Differences between the House of Lords and House of Commons

Last updated at 13:11
The Houses of Parliament in Westminster.

The big decisions that affect how the country is run are made in the House of Commons and the House of Lords.

These form the Houses of Parliament, and both do similar work like making laws and debating important issues to do with how the country is run.

Usually the decisions made in one House have to be approved by the other.

Who's in the House of Commons?

The members of the Commons are voted for by the public.

The country is divided into regions and each one has a Member of Parliament (MP) who represents that region.

An empty House of Commons. It is a wooden interior with many rows of green benches.
The House of Commons with its familiar green benches

It's also where the Prime Minister David Cameron and his advisors like the Chancellor, George Osborne, work.

Members of the government's opposition are there too.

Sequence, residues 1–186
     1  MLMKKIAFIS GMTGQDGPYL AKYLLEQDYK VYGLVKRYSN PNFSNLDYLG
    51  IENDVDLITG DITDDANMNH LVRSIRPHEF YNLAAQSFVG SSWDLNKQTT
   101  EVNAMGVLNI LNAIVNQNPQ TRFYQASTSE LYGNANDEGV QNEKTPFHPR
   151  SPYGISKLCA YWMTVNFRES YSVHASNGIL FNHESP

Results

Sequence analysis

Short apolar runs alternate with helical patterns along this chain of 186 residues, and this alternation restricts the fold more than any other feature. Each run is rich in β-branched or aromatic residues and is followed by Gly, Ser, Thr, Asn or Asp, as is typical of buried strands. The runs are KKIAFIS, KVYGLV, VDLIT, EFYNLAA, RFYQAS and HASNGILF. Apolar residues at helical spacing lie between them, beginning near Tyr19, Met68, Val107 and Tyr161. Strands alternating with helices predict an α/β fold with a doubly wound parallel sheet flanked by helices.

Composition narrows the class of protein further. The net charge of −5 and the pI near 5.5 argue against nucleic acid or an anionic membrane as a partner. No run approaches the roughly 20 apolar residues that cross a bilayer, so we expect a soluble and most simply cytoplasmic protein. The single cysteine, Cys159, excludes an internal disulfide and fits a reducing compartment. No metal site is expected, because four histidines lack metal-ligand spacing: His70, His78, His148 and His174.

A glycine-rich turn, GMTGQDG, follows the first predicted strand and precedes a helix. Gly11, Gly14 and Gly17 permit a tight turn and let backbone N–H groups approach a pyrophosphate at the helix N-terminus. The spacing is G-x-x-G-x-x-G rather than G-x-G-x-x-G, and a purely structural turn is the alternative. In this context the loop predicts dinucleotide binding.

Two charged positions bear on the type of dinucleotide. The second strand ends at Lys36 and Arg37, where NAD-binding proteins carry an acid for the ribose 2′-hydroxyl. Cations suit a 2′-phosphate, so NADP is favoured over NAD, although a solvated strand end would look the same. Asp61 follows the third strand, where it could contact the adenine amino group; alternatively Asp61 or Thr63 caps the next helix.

What happens there?

The government and its opposition meet to debate the big political issues of the day and discuss proposals for new laws.

The Commons is responsible for making decisions about money, like changing taxes.

The House of Lords can discuss these changes and suggest alterations - but it can't block them.

Who's in the House of Lords?

There are about 780 members of the House of Lords and they're not currently voted for by the public.

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Find out more about the House of Lords

Sometimes people inherit their status as a Lord from their family. There are 92 of these hereditary peers currently in the House of Lords.

Others are specially chosen by the prime minister because they are experts in their field, like Lord Alan Sugar who was chosen by Gordon Brown's Labour government to help people establish businesses.

The prime minister recommends that someone be made a peer, and the Queen appoints them.

What happens there?

The House of Lords debates new laws proposed by MPs, and makes suggestions about changes to those laws.

If they suggest changes, the law then goes back to the House of Commons where MPs discuss the changes.

When both Houses agree on the law, the Queen then approves it.